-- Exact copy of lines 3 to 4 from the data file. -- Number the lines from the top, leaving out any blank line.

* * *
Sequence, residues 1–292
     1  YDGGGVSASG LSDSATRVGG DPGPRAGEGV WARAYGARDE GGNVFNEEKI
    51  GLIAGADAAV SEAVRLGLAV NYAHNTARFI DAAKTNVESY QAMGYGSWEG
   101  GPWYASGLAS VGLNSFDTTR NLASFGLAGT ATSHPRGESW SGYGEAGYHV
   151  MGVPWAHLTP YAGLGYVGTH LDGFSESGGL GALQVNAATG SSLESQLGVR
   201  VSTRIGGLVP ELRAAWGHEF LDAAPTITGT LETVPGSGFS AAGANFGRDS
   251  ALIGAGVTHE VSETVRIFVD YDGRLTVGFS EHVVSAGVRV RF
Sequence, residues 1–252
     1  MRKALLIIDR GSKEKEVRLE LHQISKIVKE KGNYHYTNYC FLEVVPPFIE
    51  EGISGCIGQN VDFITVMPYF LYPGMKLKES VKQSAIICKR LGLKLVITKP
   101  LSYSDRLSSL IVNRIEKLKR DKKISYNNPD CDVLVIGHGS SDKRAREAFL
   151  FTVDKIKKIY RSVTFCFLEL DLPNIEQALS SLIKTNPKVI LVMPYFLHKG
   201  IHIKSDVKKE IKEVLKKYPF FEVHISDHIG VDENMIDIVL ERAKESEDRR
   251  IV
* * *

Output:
    51  GLIAGADAAV SEAVRLGLAV NYAHNTARFI DAAKTNVESY QAMGYGSWEG
   101  GPWYASGLAS VGLNSFDTTR NLASFGLAGT ATSHPRGESW SGYGEAGYHV